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Should you buy shares in Woolworths Limited today?

Woolworths Limited (ASX: WOW) shares are currently trading just 10% above their 52-week low and around 40% below their 2014 all-time high.

Could the stock offer compelling value at present?

There are certainly some reasons to be positive towards Woolworths shares today. Here’s the bull case…

It’s possible that financial year (FY) 2016 captured all of the decline in earnings and dividends with the company entering FY 2017 on a sounder footing.

For the 12 months ending June 30, profits from continuing operations before significant items slumped 39% to $1.56 billion. Earnings per share (EPS) fell by a similar percentage to just 123 cents per share (cps) and the dividend was chopped by nearly 45% to 77 cps.

These were massive declines for what is meant to be a blue-chip company.

According to data provided by Reuters, the analyst consensus EPS expectations for the next two financial years show growth.

Based on consensus forecasts, it could be reasonable to argue a bull case that a new base has been set from which the company will consolidate and grow.

This base has been achieved via Woolworths’ investment in lower prices, better service, and an improved store experience. These initiatives have been expensive and led to lower margins, but were necessary to restore the group’s competitiveness against peers Aldi, and Coles owned by Wesfarmers Ltd (ASX: WES).

Given the dividend pay-out ratio was just 63% (based on the above operating figures), investors could reasonably expect that the current dividend is also maintainable. With the stock trading at $22.50, the trailing fully franked dividend yield is 3.4%.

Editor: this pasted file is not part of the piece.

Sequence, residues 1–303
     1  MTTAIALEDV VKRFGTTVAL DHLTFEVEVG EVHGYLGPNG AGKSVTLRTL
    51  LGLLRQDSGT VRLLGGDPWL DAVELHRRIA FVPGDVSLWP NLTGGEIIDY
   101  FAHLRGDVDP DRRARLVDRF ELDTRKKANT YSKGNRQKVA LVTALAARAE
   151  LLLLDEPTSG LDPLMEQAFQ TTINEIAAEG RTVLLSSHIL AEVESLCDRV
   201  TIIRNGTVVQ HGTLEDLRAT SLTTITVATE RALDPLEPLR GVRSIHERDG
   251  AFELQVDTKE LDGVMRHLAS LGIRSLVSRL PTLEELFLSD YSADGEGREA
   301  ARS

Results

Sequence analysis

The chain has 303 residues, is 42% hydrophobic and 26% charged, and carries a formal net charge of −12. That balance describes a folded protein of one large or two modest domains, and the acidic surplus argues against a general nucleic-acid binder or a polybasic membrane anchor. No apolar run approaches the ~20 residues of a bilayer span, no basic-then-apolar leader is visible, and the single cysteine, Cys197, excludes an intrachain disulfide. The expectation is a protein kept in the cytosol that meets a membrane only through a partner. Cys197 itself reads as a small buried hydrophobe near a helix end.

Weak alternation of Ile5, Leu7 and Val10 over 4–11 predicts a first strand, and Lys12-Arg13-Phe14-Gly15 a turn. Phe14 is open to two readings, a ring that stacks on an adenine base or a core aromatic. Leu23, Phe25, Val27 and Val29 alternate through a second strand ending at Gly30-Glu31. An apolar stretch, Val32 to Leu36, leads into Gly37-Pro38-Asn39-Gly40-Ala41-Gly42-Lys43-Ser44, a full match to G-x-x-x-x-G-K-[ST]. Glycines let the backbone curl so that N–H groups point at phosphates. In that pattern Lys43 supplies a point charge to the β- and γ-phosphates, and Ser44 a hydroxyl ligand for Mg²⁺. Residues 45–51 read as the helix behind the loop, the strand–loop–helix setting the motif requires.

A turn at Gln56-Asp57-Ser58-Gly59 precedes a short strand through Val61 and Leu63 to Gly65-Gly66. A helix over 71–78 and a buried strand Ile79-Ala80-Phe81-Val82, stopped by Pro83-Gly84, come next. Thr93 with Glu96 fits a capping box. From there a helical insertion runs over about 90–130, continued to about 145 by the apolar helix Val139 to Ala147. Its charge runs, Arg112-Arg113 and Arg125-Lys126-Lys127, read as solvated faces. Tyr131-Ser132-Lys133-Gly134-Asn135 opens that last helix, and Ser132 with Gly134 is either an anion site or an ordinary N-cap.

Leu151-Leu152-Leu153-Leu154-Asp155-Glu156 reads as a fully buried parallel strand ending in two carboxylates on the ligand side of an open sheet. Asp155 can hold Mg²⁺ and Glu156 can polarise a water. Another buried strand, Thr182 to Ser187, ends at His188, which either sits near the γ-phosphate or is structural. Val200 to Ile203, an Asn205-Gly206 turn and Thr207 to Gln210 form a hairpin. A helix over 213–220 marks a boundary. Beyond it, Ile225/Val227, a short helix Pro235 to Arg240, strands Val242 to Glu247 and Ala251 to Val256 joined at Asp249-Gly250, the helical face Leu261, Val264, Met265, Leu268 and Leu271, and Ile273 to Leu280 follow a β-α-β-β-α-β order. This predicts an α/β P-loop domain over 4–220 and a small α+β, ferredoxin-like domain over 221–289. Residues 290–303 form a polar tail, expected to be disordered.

However, there are also a number of reasons to remain wary of the stock. Here’s the bear case…

As Woolworths’ CEO, Mr Brad Banducci, recently noted:

“While we are seeing early signs of momentum, we are not underestimating the size of the task that lies ahead, especially given the highly competitive nature of the markets in which we operate. As we have consistently said, this is a three to five year journey.”

The CEO’s comments are far from bullish and while a lot of pain was taken in FY 2016, there could still be further pain ahead which could see margins shrink even further.

Further tightening of margins is a real possibility considering that competition is only going to intensify as Aldi rolls out even more stores across its network.

Another leg to the bear case for Woolworths lies in its limited options for growth.

Having clearly made two very poor investment decisions with regards to the EziBuy acquisition (which recorded a loss of $15 million last year) and the disastrous Masters roll out, expectations that Woolworths can successfully apply its retail experience to other business operations are low.

Bull or Bear?

In my opinion, both the bear case and the bull case for Woolworths is quite strong which makes the investment case for Woolworths very difficult.

On balance however, I’m inclined to avoid the stock for now given management chose not to provide guidance for FY 2017, citing “the lack of visibility”. If management doesn’t have the confidence that it knows where the company is headed, then it’s hard to have faith in analyst consensus estimates for growth.

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Motley Fool contributor Tim McArthur has no position in any stocks mentioned. The Motley Fool Australia has no position in any of the stocks mentioned. We Fools may not all hold the same opinions, but we all believe that considering a diverse range of insights makes us better investors. The Motley Fool has a disclosure policy. This article contains general investment advice only (under AFSL 400691). Authorised by Bruce Jackson.

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